RS: No, I don’t think I’ve ever really favoured English independence. My view is that if the Scots want to be independent then we should aim for the same thing. Scottish independence, I don’t think the Welsh want independence, the Northern Irish certainly don’t. The Scottish desire for independence is, to some extent, a fabrication. They want to identify themselves as Scots but still to be part of a, to enjoy the subsidy they get from being part of the kingdom. I can see there are Scottish nationalists who envision something more than that, but if that becomes a real political force then yeah, we should try for independence too. As it is, as you know, the Scots have two votes: they can vote for their own parliament and vote to put their people into our parliament, who come to our parliament with no interest in Scotland but an interest in bullying us.
GE: So you’d favour an English parliament?
RS: Well I think yes it’s very odd that there isn’t such a thing. My only worry is if there were such a thing it would be a new building just as horrible as the Scottish parliament in Edinburgh.
GE: On the economy, there’s always been a conservative critique of the free market, and it’s increasingly said by not only some on the left but by some on the right that capitalism is no longer working for the majority and that free-market economics has proved to be inherently unconservative. Do you agree with that?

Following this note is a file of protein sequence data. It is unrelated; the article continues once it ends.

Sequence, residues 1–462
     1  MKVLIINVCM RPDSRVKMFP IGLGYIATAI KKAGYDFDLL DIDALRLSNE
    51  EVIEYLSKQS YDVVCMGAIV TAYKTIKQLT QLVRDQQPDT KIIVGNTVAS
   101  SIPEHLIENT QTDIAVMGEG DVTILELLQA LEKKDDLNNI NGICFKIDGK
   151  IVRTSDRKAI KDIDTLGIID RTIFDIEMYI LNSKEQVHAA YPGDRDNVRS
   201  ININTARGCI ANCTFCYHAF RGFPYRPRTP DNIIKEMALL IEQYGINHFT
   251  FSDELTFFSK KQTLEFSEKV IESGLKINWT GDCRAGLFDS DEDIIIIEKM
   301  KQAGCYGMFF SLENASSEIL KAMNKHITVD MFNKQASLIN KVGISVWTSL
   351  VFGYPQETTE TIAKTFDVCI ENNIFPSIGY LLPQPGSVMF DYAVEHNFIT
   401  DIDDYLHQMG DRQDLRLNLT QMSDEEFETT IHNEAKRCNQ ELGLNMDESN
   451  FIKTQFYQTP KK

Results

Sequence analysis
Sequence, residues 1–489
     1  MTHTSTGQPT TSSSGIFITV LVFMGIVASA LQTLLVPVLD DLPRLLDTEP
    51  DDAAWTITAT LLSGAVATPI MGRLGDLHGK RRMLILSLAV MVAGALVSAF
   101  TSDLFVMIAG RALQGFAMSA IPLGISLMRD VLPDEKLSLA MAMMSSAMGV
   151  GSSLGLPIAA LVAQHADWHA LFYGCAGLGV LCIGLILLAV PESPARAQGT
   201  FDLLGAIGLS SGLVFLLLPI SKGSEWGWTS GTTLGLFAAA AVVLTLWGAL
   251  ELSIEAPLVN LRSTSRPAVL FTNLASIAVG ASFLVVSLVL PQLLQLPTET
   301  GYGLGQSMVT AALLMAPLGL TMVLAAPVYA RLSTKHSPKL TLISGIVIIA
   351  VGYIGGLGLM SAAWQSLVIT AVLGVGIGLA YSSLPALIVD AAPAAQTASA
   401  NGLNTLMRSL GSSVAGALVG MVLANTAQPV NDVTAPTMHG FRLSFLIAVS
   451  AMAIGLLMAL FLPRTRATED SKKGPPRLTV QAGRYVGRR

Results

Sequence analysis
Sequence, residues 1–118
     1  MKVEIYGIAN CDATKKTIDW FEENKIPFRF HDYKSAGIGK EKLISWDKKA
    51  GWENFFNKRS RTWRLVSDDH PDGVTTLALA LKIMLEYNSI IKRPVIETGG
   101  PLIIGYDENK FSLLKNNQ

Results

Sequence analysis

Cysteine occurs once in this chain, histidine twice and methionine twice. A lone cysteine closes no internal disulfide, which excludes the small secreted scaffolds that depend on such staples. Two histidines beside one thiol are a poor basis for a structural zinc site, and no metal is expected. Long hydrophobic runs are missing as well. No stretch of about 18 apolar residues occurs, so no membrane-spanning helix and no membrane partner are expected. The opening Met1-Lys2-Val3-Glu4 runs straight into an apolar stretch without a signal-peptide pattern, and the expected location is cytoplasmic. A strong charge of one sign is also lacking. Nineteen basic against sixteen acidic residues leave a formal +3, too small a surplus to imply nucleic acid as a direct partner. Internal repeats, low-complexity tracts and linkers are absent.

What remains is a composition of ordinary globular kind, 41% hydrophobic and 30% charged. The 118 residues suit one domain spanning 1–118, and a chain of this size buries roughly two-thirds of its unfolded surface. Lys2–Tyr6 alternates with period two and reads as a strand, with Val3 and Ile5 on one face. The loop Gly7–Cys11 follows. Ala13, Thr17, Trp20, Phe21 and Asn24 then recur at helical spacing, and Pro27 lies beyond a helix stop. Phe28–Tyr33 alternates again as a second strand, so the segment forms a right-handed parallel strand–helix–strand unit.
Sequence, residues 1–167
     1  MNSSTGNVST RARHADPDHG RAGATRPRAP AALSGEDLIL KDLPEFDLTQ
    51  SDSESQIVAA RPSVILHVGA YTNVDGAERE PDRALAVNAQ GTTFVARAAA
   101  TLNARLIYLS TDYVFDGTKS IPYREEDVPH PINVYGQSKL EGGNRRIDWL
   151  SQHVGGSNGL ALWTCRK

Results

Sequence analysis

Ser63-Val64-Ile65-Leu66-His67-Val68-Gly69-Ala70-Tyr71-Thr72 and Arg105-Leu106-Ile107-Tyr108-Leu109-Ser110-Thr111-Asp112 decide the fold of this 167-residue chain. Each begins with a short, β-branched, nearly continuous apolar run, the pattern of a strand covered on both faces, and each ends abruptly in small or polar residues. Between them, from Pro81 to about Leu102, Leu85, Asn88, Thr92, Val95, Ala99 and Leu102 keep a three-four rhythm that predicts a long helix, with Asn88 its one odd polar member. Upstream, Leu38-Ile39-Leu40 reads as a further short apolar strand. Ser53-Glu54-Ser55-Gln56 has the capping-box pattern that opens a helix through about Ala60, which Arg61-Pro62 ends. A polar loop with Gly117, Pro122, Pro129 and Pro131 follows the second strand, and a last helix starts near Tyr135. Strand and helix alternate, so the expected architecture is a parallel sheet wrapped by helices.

RS: Well, I’ve never been an ardent free-marketeer, although I am sceptical of state involvement in the economy, as I think most people are these days. Capitalism, it’s a word, and what we have today is so different from what was originally described as by Marx and people like that. It’s no longer the capitalist class of property-owners and property-less workers who are forced to sell their labour or anything like that. Most big firms now are collectively owned by their own members not as cooperatives, but as something like that, as shareholders. There is a big guy at the top, the founding person, but so many of them are not like that. These are kind of sovereign entities and they accumulate huge sums in profits, which do enable them to take actions which are not necessarily contributous [sic], don’t necessarily contribute to the public good. So I don’t know, I’m of the view that the free market is a necessary institution, it simply is what people do when they try to make ends meet. But that when things get too big and when they try to transcend tax boundaries and other boundaries which are necessary for the control of human behaviour, then they have to be themselves cut down to size. I think that’s where we need national sovereignty. I think it is outrageous that Amazon doesn’t pay any tax in this country, or hardly any at all, but it operates from Luxembourg, which is a tin-pot little place, which seems to be getting more and more power over us over the years. A lot more could have been done to discipline international business in this way.